In Flight Again!

I think I’ve mentioned before that, when I’m not sure what I’m going to write about here, I look on my camera to see what might be on there.

It’s frequently a complete surprise what images I find there, which really shouldn’t be the case, since most of the time it’s only been a day or two since I snapped the pictures.

Short attention span much?

Except that’s not really true. While my attention can be diverted, usually my problem is getting too wrapped up in stuff so that I lose track of time and forget stuff. Like, say, the tea water boiling on the stove. I wish I could say that’s only happened once or twice, but I bet I’ve done it, oh, two dozen times at least. Now I actually set a reminder on my computer to go check it. Pitiful, I know.

In this way, the photos on the camera are like little notes to myself, to remind me of what I was thinking of or found interesting at that moment. Otherwise, I’m not one of those writers who writes notes to herself.

I saw a bit of advice the other day saying that writers should make notes with every idea or you’ll forget it and lose it forever. I just don’t think it’s true.

Admittedly, last night, David and I were talking about something and I thought, oh, I should blog about that in the morning and now I don’t remember what it was. But I’m not bothered about it because I truly believe that the thought will surface eventually, at the right time. If not, well, in the immortal words of Steve Martin, “It must not have been very important then!”

If you’re radioactive, you’ll remember eventually.

One thing that I do when I’m editing is I’ll think, oh, I really meant to add in this phrase or this idea or feeling. I’ll type it in and, two lines later? I’ll find that exact phrase. One day I’ll learn to read ahead and check to see if the past me already did what the present me thinks is so brilliant. One day I’ll also learn to trust myself.

Rarely do I find that I left something out of a story, mostly I’m refocusing the reader’s eye.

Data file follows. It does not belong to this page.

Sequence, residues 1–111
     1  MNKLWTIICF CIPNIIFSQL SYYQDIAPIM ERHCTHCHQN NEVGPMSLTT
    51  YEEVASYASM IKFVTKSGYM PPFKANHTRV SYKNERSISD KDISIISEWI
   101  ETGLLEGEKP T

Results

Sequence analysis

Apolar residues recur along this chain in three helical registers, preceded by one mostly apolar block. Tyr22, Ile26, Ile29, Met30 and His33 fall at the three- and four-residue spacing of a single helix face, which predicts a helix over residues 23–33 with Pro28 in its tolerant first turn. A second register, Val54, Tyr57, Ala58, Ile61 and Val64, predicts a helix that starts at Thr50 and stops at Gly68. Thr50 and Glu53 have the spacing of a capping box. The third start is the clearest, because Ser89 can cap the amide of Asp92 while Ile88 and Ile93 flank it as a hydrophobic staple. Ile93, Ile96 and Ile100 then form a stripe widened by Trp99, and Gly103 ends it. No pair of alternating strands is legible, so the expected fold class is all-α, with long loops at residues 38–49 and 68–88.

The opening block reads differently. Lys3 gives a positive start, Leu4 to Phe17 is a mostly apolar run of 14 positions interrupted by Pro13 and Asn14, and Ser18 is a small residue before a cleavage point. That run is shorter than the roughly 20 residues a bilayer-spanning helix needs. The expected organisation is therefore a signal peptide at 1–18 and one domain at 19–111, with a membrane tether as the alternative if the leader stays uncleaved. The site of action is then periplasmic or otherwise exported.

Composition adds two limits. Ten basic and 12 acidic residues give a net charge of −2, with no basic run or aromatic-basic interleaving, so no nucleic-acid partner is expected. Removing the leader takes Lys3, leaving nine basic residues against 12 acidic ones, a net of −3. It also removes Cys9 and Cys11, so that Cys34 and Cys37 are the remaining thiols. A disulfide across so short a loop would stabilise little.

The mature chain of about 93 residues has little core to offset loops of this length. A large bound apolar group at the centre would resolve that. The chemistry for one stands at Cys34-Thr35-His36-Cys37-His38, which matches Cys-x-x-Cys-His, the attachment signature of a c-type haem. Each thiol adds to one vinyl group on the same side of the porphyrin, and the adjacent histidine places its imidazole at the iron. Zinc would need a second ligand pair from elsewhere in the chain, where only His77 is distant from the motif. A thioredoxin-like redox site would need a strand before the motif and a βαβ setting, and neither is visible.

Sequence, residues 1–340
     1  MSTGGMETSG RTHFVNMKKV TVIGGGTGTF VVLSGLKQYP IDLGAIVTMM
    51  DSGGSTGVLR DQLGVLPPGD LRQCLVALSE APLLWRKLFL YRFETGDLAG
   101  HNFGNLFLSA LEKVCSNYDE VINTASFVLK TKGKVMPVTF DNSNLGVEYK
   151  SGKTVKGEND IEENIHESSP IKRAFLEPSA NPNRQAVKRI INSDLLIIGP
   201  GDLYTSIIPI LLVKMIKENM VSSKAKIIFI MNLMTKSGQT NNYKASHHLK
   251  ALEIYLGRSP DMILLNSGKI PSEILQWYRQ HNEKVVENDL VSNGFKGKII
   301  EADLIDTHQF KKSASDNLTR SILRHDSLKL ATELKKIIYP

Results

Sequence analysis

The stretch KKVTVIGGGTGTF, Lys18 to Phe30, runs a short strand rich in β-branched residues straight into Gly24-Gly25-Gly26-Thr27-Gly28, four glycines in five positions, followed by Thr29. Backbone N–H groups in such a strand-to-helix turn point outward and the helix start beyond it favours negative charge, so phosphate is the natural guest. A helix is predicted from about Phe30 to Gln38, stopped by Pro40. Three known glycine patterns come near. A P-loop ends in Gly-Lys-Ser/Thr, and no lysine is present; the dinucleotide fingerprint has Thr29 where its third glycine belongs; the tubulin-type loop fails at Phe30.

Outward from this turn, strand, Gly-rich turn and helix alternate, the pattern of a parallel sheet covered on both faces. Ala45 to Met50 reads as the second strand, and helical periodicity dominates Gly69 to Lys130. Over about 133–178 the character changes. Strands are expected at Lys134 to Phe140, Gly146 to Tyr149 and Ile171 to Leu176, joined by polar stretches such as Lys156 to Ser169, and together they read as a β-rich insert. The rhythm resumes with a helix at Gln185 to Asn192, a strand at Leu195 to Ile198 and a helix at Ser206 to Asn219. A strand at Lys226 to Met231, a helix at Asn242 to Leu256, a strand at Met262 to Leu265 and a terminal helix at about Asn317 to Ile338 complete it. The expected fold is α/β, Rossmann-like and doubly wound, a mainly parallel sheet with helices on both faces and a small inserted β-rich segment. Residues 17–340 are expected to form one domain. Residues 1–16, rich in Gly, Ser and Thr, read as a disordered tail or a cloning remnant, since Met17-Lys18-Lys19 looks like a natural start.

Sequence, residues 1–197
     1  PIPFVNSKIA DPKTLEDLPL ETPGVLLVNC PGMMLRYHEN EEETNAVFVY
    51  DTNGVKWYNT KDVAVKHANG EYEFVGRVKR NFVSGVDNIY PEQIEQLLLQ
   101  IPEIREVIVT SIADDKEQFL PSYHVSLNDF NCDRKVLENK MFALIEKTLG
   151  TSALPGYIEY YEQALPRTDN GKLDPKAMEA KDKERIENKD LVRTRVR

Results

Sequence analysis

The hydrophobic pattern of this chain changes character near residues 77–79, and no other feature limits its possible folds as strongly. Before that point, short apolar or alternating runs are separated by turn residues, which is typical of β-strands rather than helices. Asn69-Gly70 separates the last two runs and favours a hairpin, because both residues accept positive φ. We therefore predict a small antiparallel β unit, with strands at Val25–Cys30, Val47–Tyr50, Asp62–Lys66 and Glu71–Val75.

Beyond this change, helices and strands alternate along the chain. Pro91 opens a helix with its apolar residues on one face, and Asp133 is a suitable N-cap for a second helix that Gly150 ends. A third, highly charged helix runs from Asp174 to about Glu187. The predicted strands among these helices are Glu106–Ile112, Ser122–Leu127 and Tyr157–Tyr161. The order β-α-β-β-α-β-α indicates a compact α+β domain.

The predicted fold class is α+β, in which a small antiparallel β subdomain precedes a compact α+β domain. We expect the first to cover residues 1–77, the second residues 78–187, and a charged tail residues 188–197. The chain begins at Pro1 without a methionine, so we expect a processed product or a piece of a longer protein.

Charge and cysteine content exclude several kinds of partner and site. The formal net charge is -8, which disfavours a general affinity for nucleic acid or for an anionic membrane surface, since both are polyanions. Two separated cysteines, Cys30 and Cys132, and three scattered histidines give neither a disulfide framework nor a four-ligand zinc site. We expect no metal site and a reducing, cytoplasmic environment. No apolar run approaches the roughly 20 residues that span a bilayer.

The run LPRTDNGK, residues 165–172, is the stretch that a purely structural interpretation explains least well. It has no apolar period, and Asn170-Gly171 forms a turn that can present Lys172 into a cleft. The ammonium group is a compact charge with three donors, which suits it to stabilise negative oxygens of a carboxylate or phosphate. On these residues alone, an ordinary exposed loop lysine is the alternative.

It’s funny to me, to look at these photos I took the other day. On Saturday we went to the mall to find the glassblower’s booth I spotted at Christmastime. Remember how I said malls didn’t have them anymore? Well ours does!

And they totally fixed my glass fairy, whose broken wings I bemoaned in that same post. The guy only charged me a dollar to do it. (I gave him $5 — not all miracles are costly.)

So, I snapped commemorative photos of the repaired fairy, for the triumphant return to flight blog post, since several people said the Broken Wings post made them sad. Witness my contract with the reader here: I’m providing you with a happy ending to the sad, sad tale of the broken fairy.

You can see, however, that I had issues with focus.

The camera kept “looking” out the window instead of at our main character, fairy reincarnated.

Some lovely nature shots there — not to mention the fabulous rain chain! — but the heroine is an unfortunate blur.

I finally figured out that I was too close to her and backed off. But then the secondary characters took over. Not that they each don’t have their own story. Just not this story.

At any rate, I’ve extended this analogy until it’s creaking, and you can see her at the top, in all her clarity and flightfulness.

That’s my take-away today: trust yourself, things can always be fixed, and sometimes all it needs is a little refocusing.

Broken Wings

I have a collection of fairies that hang over my desk.

I like fairies, so some of these I’ve had for a long time. And I write about them recently, so I’ve begun to gather more.

One of my favorites is a glass fairy Dave, my stepfather, gave me a couple of years ago. I even used pictures of her on my website.

Before I even got her home from Christmas in Tucson, one of her wings had broken. I couldn’t get it glued back on, so I took her to a jeweler and he fixed her.

During the move, though, the same wing came off again. I was able to glue it but, before I got her hung up, it came off again.

Last night I tried again with the gluing. In the process the other wing came off.

Now she’s a pitiful flightless creature and I find myself wondering why I keep trying. It comes down to that I like her and I want her the way she’s supposed to be.

It’s one of my great beefs with the universe, that things break.

Fie on you entropy!

I suppose I’ve chosen to be one of those who won’t go gently into the dark night of entropy. I rage against the breakage, the loss.

And, what happened to all of those little glassblower booths that used to fill the malls?